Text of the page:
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The Importance of Christian Fellowship

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Philippians 1:3–5 ESV
I thank my God in all my remembrance of you, always in every prayer of mine for you all making my prayer with joy, because of your partnership in the gospel from the first day until now.
Introduction:
We are about to embark on a New Year (2018) which means this is a good time to evaluate the past year and look toward the new year and perhaps make some changes
What are some things that we can enhance as a church?
Three scenarios…which one is true Christian fellowship:
A group of business men get together to play golf once a week and discuss business
A group of believers get together and have a birthday party or other activity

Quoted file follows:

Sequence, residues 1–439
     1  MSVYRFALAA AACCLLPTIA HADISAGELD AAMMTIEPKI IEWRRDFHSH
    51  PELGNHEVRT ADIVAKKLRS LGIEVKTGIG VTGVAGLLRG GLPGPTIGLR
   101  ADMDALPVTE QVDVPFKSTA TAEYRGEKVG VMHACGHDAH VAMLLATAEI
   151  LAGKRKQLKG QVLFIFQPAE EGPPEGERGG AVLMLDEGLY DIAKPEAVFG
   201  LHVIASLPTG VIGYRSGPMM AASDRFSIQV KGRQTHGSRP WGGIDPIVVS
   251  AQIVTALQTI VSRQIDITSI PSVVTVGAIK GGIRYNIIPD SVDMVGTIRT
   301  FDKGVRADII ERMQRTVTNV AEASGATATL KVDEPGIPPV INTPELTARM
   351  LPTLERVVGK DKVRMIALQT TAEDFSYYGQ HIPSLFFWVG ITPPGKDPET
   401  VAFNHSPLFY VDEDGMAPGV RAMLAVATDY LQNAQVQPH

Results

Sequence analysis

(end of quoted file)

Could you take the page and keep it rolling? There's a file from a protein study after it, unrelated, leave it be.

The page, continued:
A group of believers get together for an activity for the purpose of encouraging one another with God’s Word
Before we answer which of these is correct, let’s take some time to ask ourselves the question, “What is Christian fellowship?”
I want us to consider the phrase in verse 5 of …your partnership in the gospel.

In the beginning, Adam was placed in the garden to enjoy friendship and communion with God. When the creature chose to assert his own autonomy rather than live under the Creator’s gracious care, fellowship was broken. Hence Adam and Eve hid themselves from the Lord’s presence (Gn 3:8). Yet God immediately sought them out (v 9) and revealed his plan for the ultimate restoration of sinners through the work of the Redeemer (v 15).

As a result of Christ’s finished work on the cross, God now makes his permanent abode in the believer’s heart (Jn 14:23). Hence the fellowship which now prevails under the new covenant is nothing less than the vital, spiritual union of the believer with Christ (Jn 14:20, 21). Fellowship with God is the goal of the Christian life (1 Jn 1:3), and this relationship will be perfected forever when we see our Savior “face to face” (1 Cor 13:12), when God dwells with his people in the heavenly kingdom (Rv 21:3).